SC/11378 Security Council 7168th Meeting (PM)
Permanent Representative, in Briefing On Humanitarian Situation, Says Government Cannot Be on Same Footing as Rebels
With the sharp and drastic deterioration of the human rights situation in South Sudan, and the accompanying spiral of revenge killings, the country was at risk of a wide-spread humanitarian crisis, the United Nations human rights chief told the Security Council today.
Navi Pillay, United Nations High Commissioner for Human Rights, said her recent visit to South Sudan, accompanied by the Secretary-General’s Special Adviser on the Prevention of Genocide, had revealed not only extensive violence, but also a real fear of disaster among the population, including the likelihood of a massive famine. That atmosphere had been fuelled by elements on all sides of the conflict calling publicly for their supporters to hunt down members of different ethnic groups, including a rebel radio broadcast urging the rape of women from other communities.
Adding to that was the prevailing lack of concern for innocent civilians, she continued, adding that, with the planting season almost halfway over, she and her colleague had urged leaders of both the Government and rebels sides to call a 30-day ceasefire to facilitate the planting of food crops in order to avert famine. Judging from the leaders’ reaction, that was not an overriding concern, she noted. “I fear that South Sudan’s leaders are locked in a purely personal power struggle, with little or no regard for the appalling suffering that it inflicts on their people.”
However, international pressure seemed to be having some effect, she noted. Peace talks between the warring sides had reopened in Addis Ababa under the auspices of the Intergovernmental Authority for Development (IGAD), the East African subregional bloc, earlier in the week. Still, she reminded the Council, it had agreed in December to increase the number of peacekeepers in South Sudan from 7,700 to 13,200, but the troop-contributing countries had still not supplied some two thirds of the extra troops. “They are desperately needed,” she emphasized, adding that the Mission must have a full complement of personnel and an adequate budget.
Adama Dieng, Special Adviser of the Secretary-General on the Prevention of Genocide, recalled the recent brutal attacks on Bentiu, in Unity State, and on Bor, in Jonglei State, emphasizing that unless such attacks were not be stopped immediately, South Sudan could plunge into serious violence and spiral out of control. Yet, in consultations with senior Government officials in Juba and with rebel leader and former Vice-President Riek Machar, both sides had either denied attacks against civilians or justified by claiming they had been carried out in self-defence against a vengeful group.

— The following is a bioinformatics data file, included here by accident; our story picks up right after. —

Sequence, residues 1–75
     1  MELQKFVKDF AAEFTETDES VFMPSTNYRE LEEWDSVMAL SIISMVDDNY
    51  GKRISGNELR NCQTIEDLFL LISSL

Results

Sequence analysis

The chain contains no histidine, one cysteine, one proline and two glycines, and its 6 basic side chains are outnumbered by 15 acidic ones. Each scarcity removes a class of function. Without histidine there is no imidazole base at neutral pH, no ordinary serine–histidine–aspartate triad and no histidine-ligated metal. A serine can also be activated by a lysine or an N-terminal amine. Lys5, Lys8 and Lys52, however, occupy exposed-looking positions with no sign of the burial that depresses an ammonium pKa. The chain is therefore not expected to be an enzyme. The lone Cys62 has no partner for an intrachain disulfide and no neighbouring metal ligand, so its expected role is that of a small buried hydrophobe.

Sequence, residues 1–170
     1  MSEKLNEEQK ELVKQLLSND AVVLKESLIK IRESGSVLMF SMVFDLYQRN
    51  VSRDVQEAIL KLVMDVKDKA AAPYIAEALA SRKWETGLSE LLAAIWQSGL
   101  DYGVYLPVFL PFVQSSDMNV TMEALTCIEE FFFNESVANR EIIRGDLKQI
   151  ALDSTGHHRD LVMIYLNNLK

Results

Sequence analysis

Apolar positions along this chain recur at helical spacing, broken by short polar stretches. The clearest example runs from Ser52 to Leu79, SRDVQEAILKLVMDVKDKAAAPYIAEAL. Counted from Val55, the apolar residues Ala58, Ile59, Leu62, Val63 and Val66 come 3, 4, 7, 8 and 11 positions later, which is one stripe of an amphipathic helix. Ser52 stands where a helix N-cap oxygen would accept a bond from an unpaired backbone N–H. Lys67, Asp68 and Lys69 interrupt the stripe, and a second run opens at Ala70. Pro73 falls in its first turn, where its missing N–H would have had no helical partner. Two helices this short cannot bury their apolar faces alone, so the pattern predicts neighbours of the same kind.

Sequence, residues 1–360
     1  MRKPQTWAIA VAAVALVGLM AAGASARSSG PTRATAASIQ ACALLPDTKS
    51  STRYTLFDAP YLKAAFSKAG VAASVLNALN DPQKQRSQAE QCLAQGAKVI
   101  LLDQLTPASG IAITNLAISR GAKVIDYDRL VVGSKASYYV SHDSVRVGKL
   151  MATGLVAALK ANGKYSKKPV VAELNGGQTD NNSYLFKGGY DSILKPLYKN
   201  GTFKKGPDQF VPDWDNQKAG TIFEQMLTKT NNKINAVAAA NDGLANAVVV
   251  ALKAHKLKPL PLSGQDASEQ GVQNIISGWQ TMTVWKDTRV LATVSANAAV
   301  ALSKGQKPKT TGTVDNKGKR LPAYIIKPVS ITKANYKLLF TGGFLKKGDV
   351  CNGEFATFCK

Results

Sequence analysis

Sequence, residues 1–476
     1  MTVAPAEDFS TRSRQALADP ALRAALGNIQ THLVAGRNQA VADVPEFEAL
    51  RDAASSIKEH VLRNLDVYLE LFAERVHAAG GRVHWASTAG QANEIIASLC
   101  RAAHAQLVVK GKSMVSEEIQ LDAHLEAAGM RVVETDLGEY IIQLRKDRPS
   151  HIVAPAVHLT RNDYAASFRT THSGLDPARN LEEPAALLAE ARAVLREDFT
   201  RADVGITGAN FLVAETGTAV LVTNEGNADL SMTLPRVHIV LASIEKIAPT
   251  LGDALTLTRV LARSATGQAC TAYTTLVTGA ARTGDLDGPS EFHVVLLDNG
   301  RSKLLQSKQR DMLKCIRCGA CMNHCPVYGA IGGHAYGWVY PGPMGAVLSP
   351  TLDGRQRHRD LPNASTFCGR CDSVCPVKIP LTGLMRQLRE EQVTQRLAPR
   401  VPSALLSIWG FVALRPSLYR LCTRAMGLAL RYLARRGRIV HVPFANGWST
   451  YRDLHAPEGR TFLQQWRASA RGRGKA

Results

“If we are to ensure the protection of the civilian population in this country,” he said, “the State must acknowledge that it has the primary responsibility to protect all South Sudanese, irrespective of nationality, ethnicity or political affiliation.” However, if the parties did not clearly demonstrate their intention to end the violence, the Council should consider taking additional measures to prevent the situation from deteriorating further. The violence was not motivated by a desire to change the country, but rather by self-interest related to gaining access to oil wealth and development resources, he said. “The international community must not be complicit in this agenda,” he stressed.
Rwanda’s representative recalled the day three years ago when South Sudan had been welcomed into the United Nations as a Member State, while ruing the current violence and crisis. “You can’t fight for independence for years and then turn around and kill your people; it’s a shame.” He said the international community had just commemorated the anniversary of his own country’s genocide and had said “never again”. Now, the call was “lessons learned”, words that Rwanda feared were merely “cosmetic”. Why was it that when politicians fought for power, it was the people who paid the price?, he asked.
South Sudan’s representative, however, emphasized that a democratically elected Government could not be placed on the same moral, political and legal footing as a rebel group using violence to overthrow that Government. Although South Sudan understood that the United Nations needed to take into account the urgent need to protect civilians, deliver humanitarian assistance and promote respect for human rights, the country also needed support for capacity-building, now more than ever before. Withdrawing that support could only compound the crisis, he cautioned.
Also speaking today were representatives of the United States, Australia, Nigeria, China, Chad, Russian Federation, United Kingdom, France, Jordan, Lithuania, Chile, Argentina, Luxembourg and the Republic of Korea.
The meeting began at 3:04 p.m. ended at 5:15 p.m.
Meeting this afternoon, members of the Security Council had before them reports of the Secretary-General on Sudan and South Sudan.